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How to thwart hackers

Cities and towns don’t have the knowledge, staff, or money to fend off cyberattacks themselves. They need help.

The City of Lowell’s computer system was hacked in April.Nicholas Pfosi for The Boston Gl

In late April, the City of Lowell’s computer system was hacked, forcing the phone and computer systems to almost completely shut down. Three weeks later, the hackers claimed to release online data stolen from the city and threatened to release more unless a ransom was paid.

While it’s unclear what led to Lowell’s breach, the incident provides yet another warning to other municipalities to not take cybersecurity for granted.

The extent of the threat municipal governments face from hackers “cannot be overstated,” said Donald Norris, retired professor of public policy at the University of Maryland, Baltimore County, and coauthor of a book on cybersecurity and local government. “The bad guys are really good at what they do. They’re persistent, they’re innovative. If one method doesn’t work, they figure out another one.” Government at all levels, Norris said, lags behind the hackers. Often, he said, local governments do not even know they were hacked. Because most states lack reporting rules, and no states require public reporting of municipal government hacks, it is impossible to know the size of the problem.

Municipalities have many needs when it comes to cybersecurity, chief among them knowledge, staff, and money. The state and federal governments are putting resources toward helping municipalities, and cities and towns must take advantage of as many of these resources as possible to keep their data and systems secure.


The MassCyberCenter has published guidelines for municipalities, which focus on employee training, regional threat-sharing, response planning, and securing technology. The state Executive Office of Technology Services and Security offers grants for cybersecurity training and one-time information technology projects and provides free “cybersecurity health checks” to help government agencies identify security gaps. The state has a response team to help municipal governments respond to and recover from attacks. A four-year, $1 billion federal grant program Congress created in the 2021 infrastructure bill will give Massachusetts $16 million to enhance cybersecurity, and a committee has been formed to decide the best use of those funds.


Perhaps the most promising initiative comes from CyberTrust Massachusetts, a nonprofit formed last year with state money that is focused on training a pipeline of cybersecurity professionals at public colleges while providing services to municipalities. A pipeline of new workers is desperately needed because current demand for cybersecurity professionals is so high that workers command high salaries, and local governments cannot compete with private businesses in hiring.

At Bridgewater State University, for example, school officials plan to launch bachelor’s and master’s degree programs in cybersecurity in the next academic year and are already running a certification program for information technology professionals from Plymouth County municipal governments. The school plans to open a cyber range — a simulated training environment where novice IT workers and seasoned professionals can learn to respond to threats — using software that CyberTrust Massachusetts gave several universities.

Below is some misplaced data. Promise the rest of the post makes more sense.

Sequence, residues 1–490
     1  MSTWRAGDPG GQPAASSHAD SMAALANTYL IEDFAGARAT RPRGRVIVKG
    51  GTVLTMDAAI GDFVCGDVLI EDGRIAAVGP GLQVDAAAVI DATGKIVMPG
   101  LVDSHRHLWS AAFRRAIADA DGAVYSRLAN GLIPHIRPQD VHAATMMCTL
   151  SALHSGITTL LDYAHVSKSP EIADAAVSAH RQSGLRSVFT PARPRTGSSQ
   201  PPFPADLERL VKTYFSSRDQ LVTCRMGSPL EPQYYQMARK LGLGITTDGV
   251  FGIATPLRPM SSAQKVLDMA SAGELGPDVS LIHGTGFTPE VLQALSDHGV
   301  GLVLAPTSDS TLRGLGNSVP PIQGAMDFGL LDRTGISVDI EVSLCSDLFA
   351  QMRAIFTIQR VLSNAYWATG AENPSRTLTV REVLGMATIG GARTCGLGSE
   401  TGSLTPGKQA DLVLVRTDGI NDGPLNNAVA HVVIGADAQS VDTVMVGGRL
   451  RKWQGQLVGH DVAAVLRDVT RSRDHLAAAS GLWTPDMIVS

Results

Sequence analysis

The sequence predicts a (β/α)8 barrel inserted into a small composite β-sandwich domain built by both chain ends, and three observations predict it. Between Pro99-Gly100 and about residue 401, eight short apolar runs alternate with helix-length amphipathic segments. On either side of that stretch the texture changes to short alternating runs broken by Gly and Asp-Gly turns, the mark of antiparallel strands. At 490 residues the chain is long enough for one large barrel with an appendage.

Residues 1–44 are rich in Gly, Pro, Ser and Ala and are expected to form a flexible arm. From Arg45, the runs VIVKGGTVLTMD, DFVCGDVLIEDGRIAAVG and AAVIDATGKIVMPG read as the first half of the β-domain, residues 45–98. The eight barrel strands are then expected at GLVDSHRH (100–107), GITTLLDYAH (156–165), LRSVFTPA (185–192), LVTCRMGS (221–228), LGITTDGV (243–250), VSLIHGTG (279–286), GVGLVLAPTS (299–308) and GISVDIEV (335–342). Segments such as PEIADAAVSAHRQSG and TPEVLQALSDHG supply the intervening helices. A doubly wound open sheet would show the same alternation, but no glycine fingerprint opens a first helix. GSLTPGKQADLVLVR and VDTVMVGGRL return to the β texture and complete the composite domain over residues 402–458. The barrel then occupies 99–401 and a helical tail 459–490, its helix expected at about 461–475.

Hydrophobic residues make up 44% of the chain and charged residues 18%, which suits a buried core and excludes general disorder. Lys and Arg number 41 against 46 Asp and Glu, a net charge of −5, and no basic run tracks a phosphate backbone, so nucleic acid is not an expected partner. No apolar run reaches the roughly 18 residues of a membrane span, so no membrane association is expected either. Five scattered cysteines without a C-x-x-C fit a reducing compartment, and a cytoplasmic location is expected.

The next step — a potential game changer for municipalities — will be the opening of three Security Operations Centers at Bridgewater State University, Springfield Technical Community College, and one still-undetermined location over the next couple of years. Cybersecurity professionals will work alongside college students and offer assessments, ongoing network monitoring, and threat response to municipal governments.

Peter Sherlock, CEO of CyberTrust Massachusetts, said this will give students hands-on training while using economies of scale and intern-level wages to make services affordable to municipalities.


There are also private initiatives. A cybersecurity clinic at MIT offers free threat assessments to about four Massachusetts cities per semester, using trained teams of students to advise communities how to improve their technology security.

Massachusetts, like most other states, has no mandatory standards for municipal government cybersecurity, and the Legislature is unlikely to impose any because the state would then be responsible for paying to achieve them. The federal government is unlikely to impose nationwide standards. The result is a voluntary system with a patchwork of readiness.

Many rural towns, for example, have old computer systems and do not have an information technology department, much less someone with cybersecurity expertise. They may rely on contracted services or simply a town hall staff person with interest in information technology but no formal training.

States can do little to address the root of the problem. It is up to federal law enforcement and government agencies to arrest cybercriminals, who are often based in foreign countries, and sanction their enablers.

Meanwhile, state and federal governments must continue to offer as many resources as possible to local governments and make sure those resources are tailored in a way that every community, big or small, can access the services they need. Cities and towns should seek out the available resources, prioritize cybersecurity, and update their systems as needed to keep government functioning and keep residents’ information safe. Otherwise, the cost of responding to a successful cyberattack will likely dwarf the amount needed to keep digital systems protected up front.


Editorials represent the views of the Boston Globe Editorial Board. Follow us @GlobeOpinion.